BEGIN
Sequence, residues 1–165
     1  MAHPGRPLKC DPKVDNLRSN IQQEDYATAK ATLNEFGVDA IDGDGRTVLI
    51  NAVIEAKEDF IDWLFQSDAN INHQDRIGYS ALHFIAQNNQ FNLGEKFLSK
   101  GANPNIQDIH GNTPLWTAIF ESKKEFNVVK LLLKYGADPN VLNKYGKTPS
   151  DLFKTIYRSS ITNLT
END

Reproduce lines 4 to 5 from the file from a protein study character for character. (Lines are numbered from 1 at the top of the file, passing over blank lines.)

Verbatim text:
   101  GANPNIQDIH GNTPLWTAIF ESKKEFNVVK LLLKYGADPN VLNKYGKTPS
   151  DLFKTIYRSS ITNLT